The Kerry plan, with catastrophic reinsurance at its heart, plus tax credits for the businesses that do offer insurance to their employees, would cut the 44 million uninsured by more than half, to approximately 18 million; Kerry's plan would extend coverage to 100 percent of America's children and an estimated 95 percent of adults.
Kerry proposes to pay for his expensive plan by rolling back the Bush-GOP income tax cuts for people making $200,000 a year or more. Bush's more modest plan would be financed by--well, Bush actually has proposed no funding mechanism at all. Just add it to the deficit. But make those tax cuts permanent.
Insurance companies, of course, like the Republican approach because it would subsidize the products they're already selling to people who can already afford them, whether easily or barely. No changes required. They do not like the Kerry idea, which would take away some of their business by making it a tax-supported public benefit instead.
As for doctors and hospitals, their bills for catastrophic treatments could be curbed by reinsurers selling to the well-heeled customers using HSAs. They're also likely to be curbed by the federal government, which already runs a tight Medicare ship--albeit one with some new leaks courtesy of the small print in Bush's prescription-drug bill, a major reason Medicare Part B premiums just went up 17 percent.
The difference is, the GOP approach would limit costs for the few, fobbing them off on the many. The Democratic approach might--might, if the government has any guts--cut them for everybody.
Here's the bottom line: Health-care costs are soaring out of control, and Burr is right, the model of insurance we have clearly is not sustainable. It's a model that invites insurance companies to cherry-pick the marketplace, looking for people who are young and healthy while avoiding folks who are neither. It's a model that lets them jack up their charges on small businesses--where one employee's catastrophic illness will cost more than all the others employees' premiums combined. It virtually forces them--unless they want to go out of business--to avoid older customers like the plague.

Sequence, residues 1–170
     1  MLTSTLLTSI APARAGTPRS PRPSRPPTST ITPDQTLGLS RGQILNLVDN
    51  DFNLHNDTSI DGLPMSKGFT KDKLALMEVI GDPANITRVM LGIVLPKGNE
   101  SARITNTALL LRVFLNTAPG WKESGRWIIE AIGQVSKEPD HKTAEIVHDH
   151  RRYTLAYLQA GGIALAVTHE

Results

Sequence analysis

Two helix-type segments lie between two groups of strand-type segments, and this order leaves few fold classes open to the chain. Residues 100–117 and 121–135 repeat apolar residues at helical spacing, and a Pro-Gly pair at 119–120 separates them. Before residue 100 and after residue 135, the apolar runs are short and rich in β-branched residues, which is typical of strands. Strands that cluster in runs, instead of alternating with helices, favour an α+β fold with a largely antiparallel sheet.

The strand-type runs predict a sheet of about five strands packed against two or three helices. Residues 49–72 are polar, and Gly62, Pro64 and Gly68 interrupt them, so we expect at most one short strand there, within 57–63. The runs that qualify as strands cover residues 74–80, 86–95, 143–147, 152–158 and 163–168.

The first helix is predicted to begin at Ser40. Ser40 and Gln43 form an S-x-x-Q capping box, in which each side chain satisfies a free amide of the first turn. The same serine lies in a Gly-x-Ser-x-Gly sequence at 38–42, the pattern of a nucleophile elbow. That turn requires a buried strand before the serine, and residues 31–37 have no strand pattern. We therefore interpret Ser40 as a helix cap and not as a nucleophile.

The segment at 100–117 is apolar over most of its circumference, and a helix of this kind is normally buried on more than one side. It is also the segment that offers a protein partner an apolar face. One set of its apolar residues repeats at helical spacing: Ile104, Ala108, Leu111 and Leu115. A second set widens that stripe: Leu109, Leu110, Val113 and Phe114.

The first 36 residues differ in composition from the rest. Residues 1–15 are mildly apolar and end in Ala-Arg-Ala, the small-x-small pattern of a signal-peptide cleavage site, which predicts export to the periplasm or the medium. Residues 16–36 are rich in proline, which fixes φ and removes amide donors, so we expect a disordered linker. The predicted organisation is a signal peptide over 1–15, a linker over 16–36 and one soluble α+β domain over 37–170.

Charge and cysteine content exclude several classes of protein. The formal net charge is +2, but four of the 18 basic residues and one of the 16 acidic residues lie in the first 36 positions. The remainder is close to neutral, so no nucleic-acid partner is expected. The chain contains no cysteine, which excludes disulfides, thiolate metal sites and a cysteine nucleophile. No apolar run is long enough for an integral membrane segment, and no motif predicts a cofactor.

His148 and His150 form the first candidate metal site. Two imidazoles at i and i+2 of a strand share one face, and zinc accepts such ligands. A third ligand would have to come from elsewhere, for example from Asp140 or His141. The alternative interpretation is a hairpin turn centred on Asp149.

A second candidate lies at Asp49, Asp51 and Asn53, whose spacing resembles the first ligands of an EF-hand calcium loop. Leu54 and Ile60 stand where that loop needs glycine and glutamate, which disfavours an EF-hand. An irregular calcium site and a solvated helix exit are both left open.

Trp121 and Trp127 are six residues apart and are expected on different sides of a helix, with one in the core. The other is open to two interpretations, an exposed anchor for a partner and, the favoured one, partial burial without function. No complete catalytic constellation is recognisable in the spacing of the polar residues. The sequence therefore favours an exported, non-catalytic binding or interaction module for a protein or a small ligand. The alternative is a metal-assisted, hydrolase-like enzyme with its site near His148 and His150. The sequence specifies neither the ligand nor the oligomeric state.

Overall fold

Take, for instance, the "mostly healthy" Chapel Hill couple, ages 61 and 63, who retired pre-Medicare eligibility and were shopping for single policies. Their combined quotes, from Blue Cross Advantage, according to a note we got from the N.C. Council of Churches' Barbara Zelter: $4,189.
That's per month.
The average family of four pays $9,600 a year for insurance in North Carolina, Searing says, citing a Kaiser Family Foundation report. No problem if you're making $200,000 a year. But if you're making minimum wage--$10, 712 a year--big problem.
The Bush plan, on the other hand, is a classic case of "adverse selection." People of means, who can afford to self-insure when it comes to ordinary health care costs, are helped to buy boutique plans that cover catastrophic costs only. So they get out of the insurance pool, leaving it that much chillier--and unsustainable--for everyone else.
Easley & Ballantine: Wow, Republican gubernatorial candidate Patrick Ballantine has the endorsement of SEANC, the state employees', political action committee, thanks to his promise of 5 percent a year raises. And he's for hiking teachers salaries to the national average.
Ballantine's problem is that while he's going one way, his party is going the other. Ballantine could take the position that the state should increase funding for low-wealth school districts and let higher-wealth counties pay more, in line with the landmark Leandro decision authored by Superior Court Judge Howard Manning and backed up recently by a unanimous N.C. Supreme Court.
If he did, Ballantine might have some money to pay for all his promises.
But while Manning is widely celebrated for his brilliant work on Leandro, when he runs for the Supreme Court himself, what does his party do? It endorses a "true conservative," Paul Newby. (The seat opened up too late for the party primary elections.)
And the Democrats? In true non-party fashion, they endorse nobody in the eight-candidate race.